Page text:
How Doctors Break Bad News with Grace

Worse than long hours, physician burnout, and a demanding hospital floor is something else that makes working in medicine really trying on an individual. It takes a thick skin to not struggle with the turmoil that comes from delivering some tragic information to a patient and their loved ones. So how are physicians supposed to be able to break the bad news appropriately? It truly is an art.

If you’re anything like me, in times of crisis, my empathy goes off the charts. And, as much as I’d love to just cry with them, I can’t. Seeing a person’s life completely come crashing down on them is far from easy. And, it never really gets easier….you just kind of get used to it over time. And, eventually, you learn how to deal with it, too.

Over the course of a medical career, you can expect to have to give some detrimental information to thousands of people. You can expect to see a wide spectrum of emotions as well. Some will be silent and just in extreme shock. Some with begin weeping immediately. Others will become angry. Some physicians have had patients threaten to shoot them in extremely wild cases of disbelief and anger.

Here are some things new medical professionals should keep in mind for when they have to break bad news:

  • Always deliver news in a quiet, private spot.
  • Ask your patient if they are already aware of their condition. Then, ask permission before sharing the news with anyone else.
  • Don’t be “fancy.” Use easily understood terms and stray away from medical jargon.
  • Don’t be afraid to use silence during their emotional moments.
  • A patient or their family may feel that you’re not as compassionate due to the nature of the news, not the way you delivered it.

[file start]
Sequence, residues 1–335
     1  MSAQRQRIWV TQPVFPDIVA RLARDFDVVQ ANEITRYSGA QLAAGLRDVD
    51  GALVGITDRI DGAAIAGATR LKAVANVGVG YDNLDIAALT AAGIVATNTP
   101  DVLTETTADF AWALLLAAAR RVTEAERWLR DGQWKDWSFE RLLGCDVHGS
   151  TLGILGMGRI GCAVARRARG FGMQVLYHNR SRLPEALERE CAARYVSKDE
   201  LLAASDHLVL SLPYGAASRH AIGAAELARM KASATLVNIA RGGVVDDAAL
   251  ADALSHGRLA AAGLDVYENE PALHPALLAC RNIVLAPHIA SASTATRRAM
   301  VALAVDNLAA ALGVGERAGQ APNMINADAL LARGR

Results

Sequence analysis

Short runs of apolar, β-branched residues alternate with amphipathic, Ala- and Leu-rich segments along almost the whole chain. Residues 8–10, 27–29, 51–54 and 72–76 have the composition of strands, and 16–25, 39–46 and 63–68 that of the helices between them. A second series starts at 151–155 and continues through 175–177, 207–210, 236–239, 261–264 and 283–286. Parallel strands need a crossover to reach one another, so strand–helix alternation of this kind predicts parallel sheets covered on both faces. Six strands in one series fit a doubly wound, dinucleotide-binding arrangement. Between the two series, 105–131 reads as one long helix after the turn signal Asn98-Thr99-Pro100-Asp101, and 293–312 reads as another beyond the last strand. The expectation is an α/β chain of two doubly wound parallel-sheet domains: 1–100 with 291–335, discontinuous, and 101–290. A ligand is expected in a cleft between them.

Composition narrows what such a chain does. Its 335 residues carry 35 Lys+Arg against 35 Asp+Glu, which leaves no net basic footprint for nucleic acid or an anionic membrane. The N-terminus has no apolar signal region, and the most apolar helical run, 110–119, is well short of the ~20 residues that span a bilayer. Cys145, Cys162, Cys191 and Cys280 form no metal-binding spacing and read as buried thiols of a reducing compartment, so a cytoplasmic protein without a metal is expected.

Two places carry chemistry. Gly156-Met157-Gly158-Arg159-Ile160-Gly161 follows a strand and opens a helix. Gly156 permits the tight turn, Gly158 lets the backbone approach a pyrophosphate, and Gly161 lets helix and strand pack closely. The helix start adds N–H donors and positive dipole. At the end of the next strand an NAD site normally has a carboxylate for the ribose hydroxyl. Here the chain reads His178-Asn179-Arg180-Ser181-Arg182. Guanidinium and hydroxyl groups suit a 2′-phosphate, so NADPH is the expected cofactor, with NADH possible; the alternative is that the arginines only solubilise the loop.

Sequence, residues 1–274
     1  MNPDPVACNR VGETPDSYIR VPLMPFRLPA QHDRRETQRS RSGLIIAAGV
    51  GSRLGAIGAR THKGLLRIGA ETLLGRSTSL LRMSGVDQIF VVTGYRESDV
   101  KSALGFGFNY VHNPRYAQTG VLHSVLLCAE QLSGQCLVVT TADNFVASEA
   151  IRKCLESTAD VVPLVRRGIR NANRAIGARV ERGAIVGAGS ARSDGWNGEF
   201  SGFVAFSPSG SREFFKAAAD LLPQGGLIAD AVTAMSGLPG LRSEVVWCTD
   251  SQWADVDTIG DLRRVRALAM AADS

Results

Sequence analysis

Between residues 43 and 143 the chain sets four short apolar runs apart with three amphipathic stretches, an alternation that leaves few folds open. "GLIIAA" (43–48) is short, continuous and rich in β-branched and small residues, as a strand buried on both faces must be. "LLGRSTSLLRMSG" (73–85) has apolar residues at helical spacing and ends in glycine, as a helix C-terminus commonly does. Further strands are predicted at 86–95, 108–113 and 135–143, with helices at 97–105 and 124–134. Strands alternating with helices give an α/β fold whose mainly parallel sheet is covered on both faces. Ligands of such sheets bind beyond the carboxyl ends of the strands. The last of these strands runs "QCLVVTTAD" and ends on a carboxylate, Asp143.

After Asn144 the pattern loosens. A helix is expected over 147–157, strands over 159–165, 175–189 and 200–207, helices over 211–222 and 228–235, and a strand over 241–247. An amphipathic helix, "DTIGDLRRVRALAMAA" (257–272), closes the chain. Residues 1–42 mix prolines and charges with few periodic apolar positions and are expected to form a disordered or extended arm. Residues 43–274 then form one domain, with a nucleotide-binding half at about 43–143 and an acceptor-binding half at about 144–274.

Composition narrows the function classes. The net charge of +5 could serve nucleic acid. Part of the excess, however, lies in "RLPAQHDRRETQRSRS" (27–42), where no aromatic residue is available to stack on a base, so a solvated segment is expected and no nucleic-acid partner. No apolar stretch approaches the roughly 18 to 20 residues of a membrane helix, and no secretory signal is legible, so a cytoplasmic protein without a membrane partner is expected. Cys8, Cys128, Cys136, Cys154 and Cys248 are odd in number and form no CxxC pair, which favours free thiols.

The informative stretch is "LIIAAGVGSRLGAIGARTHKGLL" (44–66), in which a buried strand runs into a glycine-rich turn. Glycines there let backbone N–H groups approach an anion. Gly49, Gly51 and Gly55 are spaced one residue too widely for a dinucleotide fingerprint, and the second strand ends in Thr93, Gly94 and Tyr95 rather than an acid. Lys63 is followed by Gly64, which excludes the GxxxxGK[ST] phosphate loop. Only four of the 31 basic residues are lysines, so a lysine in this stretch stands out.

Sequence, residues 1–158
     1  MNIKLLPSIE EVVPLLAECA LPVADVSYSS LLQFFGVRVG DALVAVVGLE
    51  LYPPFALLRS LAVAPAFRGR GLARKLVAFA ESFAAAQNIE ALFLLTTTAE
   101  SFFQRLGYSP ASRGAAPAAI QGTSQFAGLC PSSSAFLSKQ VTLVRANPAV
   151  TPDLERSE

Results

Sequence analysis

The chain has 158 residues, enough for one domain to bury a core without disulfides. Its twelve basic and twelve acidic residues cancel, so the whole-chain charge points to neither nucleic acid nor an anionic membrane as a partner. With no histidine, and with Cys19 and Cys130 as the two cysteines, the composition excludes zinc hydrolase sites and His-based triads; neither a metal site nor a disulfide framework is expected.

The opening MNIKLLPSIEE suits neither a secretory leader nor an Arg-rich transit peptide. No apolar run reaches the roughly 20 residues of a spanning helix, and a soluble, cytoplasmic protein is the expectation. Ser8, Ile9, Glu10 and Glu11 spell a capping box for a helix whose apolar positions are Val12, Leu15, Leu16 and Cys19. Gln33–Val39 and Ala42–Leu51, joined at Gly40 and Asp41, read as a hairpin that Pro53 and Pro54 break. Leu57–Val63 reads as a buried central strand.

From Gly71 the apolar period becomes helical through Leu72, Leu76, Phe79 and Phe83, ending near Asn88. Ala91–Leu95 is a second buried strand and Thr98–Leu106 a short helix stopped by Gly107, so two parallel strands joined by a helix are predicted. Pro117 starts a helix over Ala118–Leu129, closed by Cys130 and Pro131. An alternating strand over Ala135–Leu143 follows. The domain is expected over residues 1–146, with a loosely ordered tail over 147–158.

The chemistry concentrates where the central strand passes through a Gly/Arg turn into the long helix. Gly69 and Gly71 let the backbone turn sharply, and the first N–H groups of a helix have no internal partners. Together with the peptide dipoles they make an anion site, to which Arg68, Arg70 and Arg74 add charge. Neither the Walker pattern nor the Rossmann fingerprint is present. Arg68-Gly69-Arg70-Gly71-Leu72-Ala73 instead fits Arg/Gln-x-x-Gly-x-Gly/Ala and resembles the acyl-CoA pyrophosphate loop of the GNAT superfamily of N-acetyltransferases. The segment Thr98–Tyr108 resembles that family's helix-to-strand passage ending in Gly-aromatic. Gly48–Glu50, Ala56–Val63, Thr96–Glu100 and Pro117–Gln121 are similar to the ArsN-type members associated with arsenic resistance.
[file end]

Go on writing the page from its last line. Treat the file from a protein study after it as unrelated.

• Instead of talking more to try to make the patient better, keep bad news brief and direct so that the patient is able to properly process it.
  • Ask the patient if they have any questions after you give them a moment to think about what you’re telling them.
  • Never destroy hope. No matter what the situation may be. Destroying hope not only will upset the patient, but it will also make their quality of life diminished as well.
  • Let them know you will not abandon them.
  • Give your patients a game plan. A list of instructions after they receive the bad news. This can include tips on how to tell their family, to write down any questions that come up before their next visit or phone call, and to prepare themselves for what treatments happen next.
  • Follow up with them a week later. Know that you’re thinking about them. You may be surprised with the improvement of their mood in that time. Sometimes the anticipation of bad news feels worse than actually receiving it.


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